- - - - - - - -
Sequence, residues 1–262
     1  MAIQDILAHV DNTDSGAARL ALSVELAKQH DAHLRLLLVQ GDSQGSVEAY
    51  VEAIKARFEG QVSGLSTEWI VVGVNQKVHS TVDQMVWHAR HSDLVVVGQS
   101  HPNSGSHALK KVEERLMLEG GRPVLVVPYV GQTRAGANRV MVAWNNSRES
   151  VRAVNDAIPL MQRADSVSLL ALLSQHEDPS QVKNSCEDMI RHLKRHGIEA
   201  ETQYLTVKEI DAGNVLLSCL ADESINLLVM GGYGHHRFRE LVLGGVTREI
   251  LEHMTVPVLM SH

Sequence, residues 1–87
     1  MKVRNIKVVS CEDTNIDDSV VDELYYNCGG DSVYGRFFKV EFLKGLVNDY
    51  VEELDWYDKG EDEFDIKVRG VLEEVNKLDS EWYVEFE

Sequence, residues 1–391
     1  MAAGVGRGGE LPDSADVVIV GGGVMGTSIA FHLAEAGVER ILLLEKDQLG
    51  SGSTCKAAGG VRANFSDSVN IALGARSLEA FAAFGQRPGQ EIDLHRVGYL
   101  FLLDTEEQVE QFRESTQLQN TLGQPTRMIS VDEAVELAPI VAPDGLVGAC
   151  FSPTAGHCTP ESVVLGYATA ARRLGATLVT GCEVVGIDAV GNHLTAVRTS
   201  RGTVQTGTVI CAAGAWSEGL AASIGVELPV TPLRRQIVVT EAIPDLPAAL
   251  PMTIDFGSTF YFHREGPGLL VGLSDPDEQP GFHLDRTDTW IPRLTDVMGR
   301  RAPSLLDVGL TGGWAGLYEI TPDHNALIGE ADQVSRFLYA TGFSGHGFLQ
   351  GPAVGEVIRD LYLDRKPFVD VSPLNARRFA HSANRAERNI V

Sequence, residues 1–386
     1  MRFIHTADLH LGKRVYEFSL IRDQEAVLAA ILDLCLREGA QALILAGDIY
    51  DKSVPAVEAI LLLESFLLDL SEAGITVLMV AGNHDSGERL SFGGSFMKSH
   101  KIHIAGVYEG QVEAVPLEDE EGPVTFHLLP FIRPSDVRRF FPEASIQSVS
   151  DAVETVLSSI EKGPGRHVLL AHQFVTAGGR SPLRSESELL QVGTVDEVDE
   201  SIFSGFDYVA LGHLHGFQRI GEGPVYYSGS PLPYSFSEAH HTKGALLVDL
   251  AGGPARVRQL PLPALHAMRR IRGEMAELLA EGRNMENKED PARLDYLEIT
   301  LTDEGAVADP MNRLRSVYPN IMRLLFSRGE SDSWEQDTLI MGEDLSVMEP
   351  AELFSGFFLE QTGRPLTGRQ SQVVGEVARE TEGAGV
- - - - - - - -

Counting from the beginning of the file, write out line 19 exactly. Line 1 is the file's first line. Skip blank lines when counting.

   351  GPAVGEVIRD LYLDRKPFVD VSPLNARRFA HSANRAERNI V